Last year, I covered Portland’s homeless epidemic extensively. In fact, I interviewed the leaders of many of the largest homeless care centers in the state. Because I don’t want to bore readers and want to discuss more then one thing, I will not be writing much about homeless this year. However, I did recently talk to a leader of Portland Rescue Mission and though the conversation quite worth while.
Over the summer, Portland chose a new Mayor. To see my interview with Mayor Elect Ted Wheeler, Click Here. One of Wheeler’s campaign promises was that he would find the solution to Portland homeless crisis.
“There are over 4,000 people experiencing homelessness in Portland that sleep on the streets or in a shelter, each night. The city is working on a long-term plan to help serve the homeless population,” Erin Moussallem ensures us.
Moussallem is a “Community Engagement Specialist” for Portland Rescue Mission. PRM is a short term solution for Portland’s Homeless. They offer food and shelter, but in order to tackle the larger issue of the epidemic in Portland, long term solutions must be made. The city is lacking in a long term plan, although Wheeler has claimed it will be his goal to provide a bed for every homeless person in the city. Whether this works in getting people off the streets or simply increases the safety of Portland’s homeless has yet to be seen, but for now the short term programs are in high demand.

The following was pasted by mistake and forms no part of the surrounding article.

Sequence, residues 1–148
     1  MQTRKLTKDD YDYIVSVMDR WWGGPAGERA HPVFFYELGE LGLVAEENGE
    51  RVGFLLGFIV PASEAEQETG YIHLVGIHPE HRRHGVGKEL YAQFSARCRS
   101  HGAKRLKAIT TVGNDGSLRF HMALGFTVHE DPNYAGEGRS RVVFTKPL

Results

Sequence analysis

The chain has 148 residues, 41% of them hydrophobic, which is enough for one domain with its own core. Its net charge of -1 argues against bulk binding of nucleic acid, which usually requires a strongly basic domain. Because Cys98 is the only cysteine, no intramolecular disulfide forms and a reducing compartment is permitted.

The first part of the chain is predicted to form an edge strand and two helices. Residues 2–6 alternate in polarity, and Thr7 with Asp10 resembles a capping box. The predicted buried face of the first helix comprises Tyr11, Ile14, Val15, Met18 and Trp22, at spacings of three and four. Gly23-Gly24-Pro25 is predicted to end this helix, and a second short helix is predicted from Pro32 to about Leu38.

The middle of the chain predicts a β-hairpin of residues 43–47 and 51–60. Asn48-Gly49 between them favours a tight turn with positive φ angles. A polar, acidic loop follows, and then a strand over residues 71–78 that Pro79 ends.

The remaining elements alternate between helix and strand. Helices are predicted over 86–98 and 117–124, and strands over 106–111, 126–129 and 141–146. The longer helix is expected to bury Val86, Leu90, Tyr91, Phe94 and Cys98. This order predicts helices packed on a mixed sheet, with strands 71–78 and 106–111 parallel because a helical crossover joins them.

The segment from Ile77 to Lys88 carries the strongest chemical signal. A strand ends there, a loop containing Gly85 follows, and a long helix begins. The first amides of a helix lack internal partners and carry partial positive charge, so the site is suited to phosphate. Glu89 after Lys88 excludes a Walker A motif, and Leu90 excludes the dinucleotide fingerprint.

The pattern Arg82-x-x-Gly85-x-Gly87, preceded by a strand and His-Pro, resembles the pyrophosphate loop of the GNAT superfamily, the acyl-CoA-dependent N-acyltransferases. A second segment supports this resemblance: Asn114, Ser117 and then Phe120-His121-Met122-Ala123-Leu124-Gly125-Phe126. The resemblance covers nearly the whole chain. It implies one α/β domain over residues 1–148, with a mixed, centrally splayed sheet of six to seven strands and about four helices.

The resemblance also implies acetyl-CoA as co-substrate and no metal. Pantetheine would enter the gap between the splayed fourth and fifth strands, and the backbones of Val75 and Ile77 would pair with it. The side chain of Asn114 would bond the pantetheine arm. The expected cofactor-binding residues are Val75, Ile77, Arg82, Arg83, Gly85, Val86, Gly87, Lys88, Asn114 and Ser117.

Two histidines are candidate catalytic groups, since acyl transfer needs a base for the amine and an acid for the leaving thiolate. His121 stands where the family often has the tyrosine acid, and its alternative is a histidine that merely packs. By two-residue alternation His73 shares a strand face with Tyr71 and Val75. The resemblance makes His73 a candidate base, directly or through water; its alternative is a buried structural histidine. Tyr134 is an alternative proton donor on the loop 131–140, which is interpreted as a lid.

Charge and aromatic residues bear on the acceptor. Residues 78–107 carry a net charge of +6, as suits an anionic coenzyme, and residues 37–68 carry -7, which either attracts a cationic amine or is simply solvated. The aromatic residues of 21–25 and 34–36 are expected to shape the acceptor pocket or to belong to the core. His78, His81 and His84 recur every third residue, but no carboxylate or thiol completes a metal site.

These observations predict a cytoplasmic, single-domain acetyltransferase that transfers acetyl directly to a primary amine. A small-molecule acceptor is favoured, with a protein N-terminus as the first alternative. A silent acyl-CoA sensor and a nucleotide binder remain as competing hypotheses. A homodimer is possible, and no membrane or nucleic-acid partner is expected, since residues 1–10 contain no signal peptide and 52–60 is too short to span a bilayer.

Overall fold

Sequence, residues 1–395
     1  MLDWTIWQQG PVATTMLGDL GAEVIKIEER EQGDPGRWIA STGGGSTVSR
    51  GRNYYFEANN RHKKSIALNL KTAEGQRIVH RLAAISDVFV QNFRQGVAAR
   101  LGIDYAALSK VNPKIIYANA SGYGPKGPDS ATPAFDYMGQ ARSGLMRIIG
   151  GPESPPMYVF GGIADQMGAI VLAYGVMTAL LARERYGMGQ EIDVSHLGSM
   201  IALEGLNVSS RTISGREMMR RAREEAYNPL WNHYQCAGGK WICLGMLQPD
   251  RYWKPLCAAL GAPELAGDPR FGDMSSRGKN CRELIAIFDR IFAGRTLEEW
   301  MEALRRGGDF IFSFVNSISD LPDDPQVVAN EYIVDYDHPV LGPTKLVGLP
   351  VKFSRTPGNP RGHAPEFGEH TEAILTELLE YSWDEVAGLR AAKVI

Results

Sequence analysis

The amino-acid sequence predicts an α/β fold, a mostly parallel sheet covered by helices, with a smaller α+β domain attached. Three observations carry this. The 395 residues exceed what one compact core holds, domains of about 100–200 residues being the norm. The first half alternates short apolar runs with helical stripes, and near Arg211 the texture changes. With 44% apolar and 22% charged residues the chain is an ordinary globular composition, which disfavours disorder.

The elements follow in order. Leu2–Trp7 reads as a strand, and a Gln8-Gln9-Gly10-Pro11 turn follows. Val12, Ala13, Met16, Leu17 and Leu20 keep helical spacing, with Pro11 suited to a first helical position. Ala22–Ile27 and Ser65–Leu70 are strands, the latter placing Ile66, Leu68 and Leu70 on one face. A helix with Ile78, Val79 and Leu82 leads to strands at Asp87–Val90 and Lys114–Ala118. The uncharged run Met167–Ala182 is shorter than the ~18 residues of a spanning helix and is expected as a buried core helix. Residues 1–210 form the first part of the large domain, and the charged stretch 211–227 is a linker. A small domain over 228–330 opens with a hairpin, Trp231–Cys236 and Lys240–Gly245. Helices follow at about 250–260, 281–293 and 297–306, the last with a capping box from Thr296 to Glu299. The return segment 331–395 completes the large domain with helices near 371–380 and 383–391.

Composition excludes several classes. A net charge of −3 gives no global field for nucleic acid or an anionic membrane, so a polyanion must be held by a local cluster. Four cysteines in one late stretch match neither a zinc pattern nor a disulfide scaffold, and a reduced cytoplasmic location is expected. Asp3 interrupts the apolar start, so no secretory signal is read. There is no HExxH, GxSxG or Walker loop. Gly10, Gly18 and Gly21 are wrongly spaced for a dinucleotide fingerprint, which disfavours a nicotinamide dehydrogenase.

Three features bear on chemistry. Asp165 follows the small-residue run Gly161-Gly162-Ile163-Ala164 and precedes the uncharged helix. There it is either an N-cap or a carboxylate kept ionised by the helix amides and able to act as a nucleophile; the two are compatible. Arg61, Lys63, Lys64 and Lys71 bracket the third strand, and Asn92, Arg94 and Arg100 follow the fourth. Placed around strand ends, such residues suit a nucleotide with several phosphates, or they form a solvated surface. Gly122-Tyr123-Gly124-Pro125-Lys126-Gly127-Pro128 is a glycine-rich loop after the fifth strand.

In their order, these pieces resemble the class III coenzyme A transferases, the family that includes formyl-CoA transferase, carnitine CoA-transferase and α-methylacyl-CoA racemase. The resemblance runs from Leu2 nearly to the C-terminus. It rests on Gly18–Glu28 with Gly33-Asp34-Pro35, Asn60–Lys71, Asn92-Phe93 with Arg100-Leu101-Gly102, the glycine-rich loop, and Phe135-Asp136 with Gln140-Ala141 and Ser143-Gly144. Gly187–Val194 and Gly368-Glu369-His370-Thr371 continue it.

“Portland Rescue Mission exists to serve the homeless and addicted. We provide overnight shelter for over 150 people each night, as well as hot meals and showers, every day. We also have a [longer] term program for those who are looking for work and permanent housing.”
As community engagement specialist, Moussallem “works with businesses, schools, and other community groups to help them get involved with Portland Rescue Mission, and to tell folks about the work we are doing at our organization.” This role is quite important because everyone in the community that I have spoken to-homeless people and community activists alike-all agree that the number one problem is awareness. Portland is not lacking in services, so often times outreach is a barrier.
Last week, forty high schoolers from Germany came to portland on an exchange student program. As president of a community service and leadership club at my school, I met these kids and gave them a tour of Portland. We had barely left the premises of the school, when we were confronted by a group of ten or fifteen homeless people. The exchange students were amazed. In broken english they told me that they love Portland, but would never be able to come back because they “hate seeing homeless people.” They went on to say that in germany, all of these people would be put in jail.
Although prison isn’t the right answer, the city is unable to come up with ways to combat this issue. If the homelessness continues to grow in this city, not only will tourism decrease but less and less people will want to live in this city.